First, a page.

Officials said Wednesday that campfires are no longer permitted in wilderness areas below 6,000 feet at Yosemite National Park.
The restrictions were ordered as a result of several years of "exceptional drought conditions and high fire danger," the National Park Service said in a statement. Officials said rainfall during the last three winters has been below normal.
"The order is designed to reduce the chances of human-caused fires in some of the park’s driest areas," the agency said.
Campfires in picnic areas and designated campgrounds are still permitted.
Last August, a hunter's illegal campfire in the Stanislaus National Forest sparked the massive Rim fire, which spread into Yosemite and charred an estimated 77,000 acres, or 120 square miles, within the northwest section of the park, officials said.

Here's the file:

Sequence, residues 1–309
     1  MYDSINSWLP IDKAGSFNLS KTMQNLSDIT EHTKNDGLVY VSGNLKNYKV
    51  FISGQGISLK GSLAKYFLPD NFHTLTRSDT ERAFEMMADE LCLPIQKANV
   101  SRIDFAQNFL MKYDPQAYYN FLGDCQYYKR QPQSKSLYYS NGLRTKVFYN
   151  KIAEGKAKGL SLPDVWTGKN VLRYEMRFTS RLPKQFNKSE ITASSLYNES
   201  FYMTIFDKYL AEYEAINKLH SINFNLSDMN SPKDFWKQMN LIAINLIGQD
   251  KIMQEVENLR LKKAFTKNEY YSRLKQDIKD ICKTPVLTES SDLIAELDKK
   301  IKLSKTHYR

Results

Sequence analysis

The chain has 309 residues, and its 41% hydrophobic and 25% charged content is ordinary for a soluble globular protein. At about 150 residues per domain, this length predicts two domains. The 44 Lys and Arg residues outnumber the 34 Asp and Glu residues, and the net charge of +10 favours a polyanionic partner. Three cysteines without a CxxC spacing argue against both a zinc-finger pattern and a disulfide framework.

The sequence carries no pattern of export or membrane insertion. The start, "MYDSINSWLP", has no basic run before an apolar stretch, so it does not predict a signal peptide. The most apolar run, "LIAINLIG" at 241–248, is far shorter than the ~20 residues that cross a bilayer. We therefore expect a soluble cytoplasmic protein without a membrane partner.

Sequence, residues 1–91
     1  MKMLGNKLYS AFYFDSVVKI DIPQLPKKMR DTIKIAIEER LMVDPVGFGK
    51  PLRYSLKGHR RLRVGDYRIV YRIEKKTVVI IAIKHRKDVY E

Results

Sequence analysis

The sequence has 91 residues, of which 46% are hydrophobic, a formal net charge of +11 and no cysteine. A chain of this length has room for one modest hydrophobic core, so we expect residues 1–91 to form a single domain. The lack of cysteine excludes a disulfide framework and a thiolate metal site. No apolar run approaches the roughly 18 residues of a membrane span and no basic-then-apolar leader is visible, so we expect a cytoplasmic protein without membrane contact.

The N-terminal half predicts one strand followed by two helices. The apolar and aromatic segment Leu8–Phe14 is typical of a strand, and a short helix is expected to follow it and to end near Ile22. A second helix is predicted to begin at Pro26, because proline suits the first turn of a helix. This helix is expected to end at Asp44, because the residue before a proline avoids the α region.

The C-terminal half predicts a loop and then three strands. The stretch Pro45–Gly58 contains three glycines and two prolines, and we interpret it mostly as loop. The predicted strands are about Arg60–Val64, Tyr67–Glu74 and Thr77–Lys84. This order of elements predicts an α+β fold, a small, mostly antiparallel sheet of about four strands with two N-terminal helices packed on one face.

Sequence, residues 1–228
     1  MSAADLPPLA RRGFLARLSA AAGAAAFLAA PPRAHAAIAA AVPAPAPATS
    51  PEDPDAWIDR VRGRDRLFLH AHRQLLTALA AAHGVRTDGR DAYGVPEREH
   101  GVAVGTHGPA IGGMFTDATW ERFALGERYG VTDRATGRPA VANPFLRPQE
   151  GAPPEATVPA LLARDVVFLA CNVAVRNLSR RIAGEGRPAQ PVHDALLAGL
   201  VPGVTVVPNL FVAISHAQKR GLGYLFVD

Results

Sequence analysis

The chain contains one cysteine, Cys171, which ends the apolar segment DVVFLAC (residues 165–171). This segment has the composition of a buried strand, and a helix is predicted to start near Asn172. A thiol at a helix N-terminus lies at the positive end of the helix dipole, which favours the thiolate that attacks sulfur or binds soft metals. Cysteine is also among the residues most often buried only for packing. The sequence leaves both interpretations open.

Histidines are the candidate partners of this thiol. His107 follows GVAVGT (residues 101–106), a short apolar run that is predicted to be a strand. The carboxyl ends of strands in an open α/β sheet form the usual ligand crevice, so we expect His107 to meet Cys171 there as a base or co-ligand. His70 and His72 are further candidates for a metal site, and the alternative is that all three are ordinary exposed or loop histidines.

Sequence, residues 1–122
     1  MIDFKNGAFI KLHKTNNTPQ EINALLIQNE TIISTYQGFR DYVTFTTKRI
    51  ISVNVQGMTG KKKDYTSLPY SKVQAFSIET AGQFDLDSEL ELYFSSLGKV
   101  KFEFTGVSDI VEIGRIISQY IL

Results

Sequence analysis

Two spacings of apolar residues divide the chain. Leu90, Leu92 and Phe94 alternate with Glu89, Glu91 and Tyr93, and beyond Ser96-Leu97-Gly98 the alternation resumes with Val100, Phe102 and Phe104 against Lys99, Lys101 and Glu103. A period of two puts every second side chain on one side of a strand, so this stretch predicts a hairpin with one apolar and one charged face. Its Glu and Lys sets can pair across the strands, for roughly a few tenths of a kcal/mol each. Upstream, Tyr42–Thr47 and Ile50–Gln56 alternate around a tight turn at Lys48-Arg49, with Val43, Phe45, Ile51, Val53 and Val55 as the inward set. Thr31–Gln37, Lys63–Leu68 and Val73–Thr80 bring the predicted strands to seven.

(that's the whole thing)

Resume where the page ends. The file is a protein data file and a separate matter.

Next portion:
The Rim fire was the third-largest on record in California and burned about 410 square miles of forest land.
Experts have said the ecological effects of the wildfire probably will last for decades because massive trees were destroyed and habitats of rare species were severely altered.
In April, thousands of acres of parkland at Yosemite that had been closed since the blaze were reopened.
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